Robyn Lachmund is as much known for her community work as she is for her family’s thriving real estate business in the greater Caboolture district.
It’s an important part of who she is, inspired by her late father, and drives her to help those doing it tough in the community she loves.
Robyn and her husband Peter moved to Caboolture from Penrith 32 years ago, with their teenage children Karen and Scott, after seeing the area advertised in the Sydney Morning Herald.
They knew no-one and nothing about the town, but knew it offered the lifestyle change they yearned.
“We just kind of found Caboolture. We looked in the Sydney Morning Herald and they advertised old Queenslanders on five acres for $130,000. We thought, ‘oh my God. Our dreams had come true’,” Robyn recalls.
“We arrived a few months too late and the market had started to move on. That was a challenge in itself … we had money in our pocket (and no idea what to buy). We didn’t know but that was actually my entry into real estate.”
She met plenty of real estate agents during their search for a family home.
“When we bought our first house here in Caboolture, I met an agent and we became friends with him and his family. He came to visit three or four weeks after we moved into our house and he said, ‘what are you going to do?’,” Robyn recalls.
At that stage, she was focused on perhaps joining the P&C or mothers’ club and playing some tennis.
He convinced her she would be great in the real estate business.
Robyn had a background in retail and sales with Grace Brothers in Sydney and decided to take the plunge with Raine and Horne.
She remembers the first house she sold – a two-bedroom cottage at Woodford for about $85,000.
Robyn had to learn the unwritten rules of the trade and etiquette in dealing with sellers, buyers and other agents, and remembers writing everything down by hand, taking property photos and having the film developed at K-Mart, placing properties in cards in the front window to be viewed.
“Those days were great training for me,” she says.
Peter joined Robyn in real estate within a couple of years, leaving his job at the Caboolture News and The Bribie Weekly.
In 1994, they took on their own real estate business with their daughter Karen. Their son Scott joined the team a few years after that.
“For every sale that I’ve ever made, there’s a memory attached. It’s the people,” Robyn says.
“Just recently, people I sold a five-acre property to 25 years ago, I’ve just sold them their forever home.
“There was huge pride in me doing that.”
Robyn says many people think she and Peter have retired, but they’re still working and remain company directors with son Scott as the principal.
“You don’t retire from this sort of business. No matter where you go, what you do, you see real estate,” she explains.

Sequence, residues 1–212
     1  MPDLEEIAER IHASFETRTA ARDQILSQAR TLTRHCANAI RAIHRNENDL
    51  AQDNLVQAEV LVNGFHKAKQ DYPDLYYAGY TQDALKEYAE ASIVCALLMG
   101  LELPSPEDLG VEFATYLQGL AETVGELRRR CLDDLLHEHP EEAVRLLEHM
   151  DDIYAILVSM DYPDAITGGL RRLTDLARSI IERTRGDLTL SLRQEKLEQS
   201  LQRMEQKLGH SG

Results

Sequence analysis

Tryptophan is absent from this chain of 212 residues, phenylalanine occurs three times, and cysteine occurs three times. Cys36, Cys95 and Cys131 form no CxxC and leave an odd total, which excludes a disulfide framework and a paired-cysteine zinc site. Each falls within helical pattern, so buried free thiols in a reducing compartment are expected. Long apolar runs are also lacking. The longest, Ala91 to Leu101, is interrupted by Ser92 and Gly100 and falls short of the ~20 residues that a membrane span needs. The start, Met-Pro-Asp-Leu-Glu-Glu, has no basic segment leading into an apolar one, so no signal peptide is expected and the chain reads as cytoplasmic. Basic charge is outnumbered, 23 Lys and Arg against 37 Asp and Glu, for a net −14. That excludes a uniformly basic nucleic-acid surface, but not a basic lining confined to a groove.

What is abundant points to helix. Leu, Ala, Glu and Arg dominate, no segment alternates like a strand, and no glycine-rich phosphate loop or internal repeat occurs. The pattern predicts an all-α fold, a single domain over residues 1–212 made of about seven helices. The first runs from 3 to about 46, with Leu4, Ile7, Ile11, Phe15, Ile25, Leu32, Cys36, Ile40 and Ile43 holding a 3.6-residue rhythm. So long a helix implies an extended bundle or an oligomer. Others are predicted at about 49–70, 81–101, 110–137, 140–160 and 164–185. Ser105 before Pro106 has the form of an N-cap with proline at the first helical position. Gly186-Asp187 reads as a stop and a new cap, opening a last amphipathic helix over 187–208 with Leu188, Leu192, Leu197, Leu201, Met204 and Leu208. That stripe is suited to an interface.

“It becomes a part of you.”
Giving back to community
Robyn is grateful for the life her family leads but also realises there are people in her community doing it tough.
“We tried to find where we could best support those people. Back when Joy Leishman was mayor (2000-2008), she started what we called the Mayor’s Chaplaincy Breakfast,” she explains.
The event is now an annual dinner.
“We see that the money raised, and our input to it, just serves the community so well,” Robyn says.
“That’s what it’s all about – family and community.
“All those little things that happened along the way made me a better person, made our family very grateful and that then led into the fact that we’ve always said, ‘if you take from a community, you must be prepared to give back to that community’.
“Without us realising, we started to do that. Peter and I joined Lions and the kids were playing sport, so we’d go to netball … those little baby steps in those days have now turned into a legacy that we hope will live on for a long, long time.”
She said it was an example set by her dad who was very connected to the RSL.
Strong community ties
“Another thing I’m very grateful for is that I joined BPW (Business and Professional Women Caboolture) close to 30 years ago,” Robyn says.
During the time she was a member, she held the role of president three times, learnt plenty from fellow members, helped mentor young businesswomen, and forged lasting friendships.
So, what tip would she give a woman moving to a new area with a young family, who might be keen to enter business?
“Become involved … as much as it may not be in your comfort zone, make those connections,” Robyn says.
She recommends volunteering at the school canteen, sporting club or community organisation.
“You make friends and those friends then become business friends as well because they have the same mindset as you,” she explains.
“Surround yourself with those people. Give it a go. Just be passionate about what you do. It’s got to be more than just a place you go 9am-5pm. It’s got to be family. We spend more time here with these people who aren’t family that have become family.”
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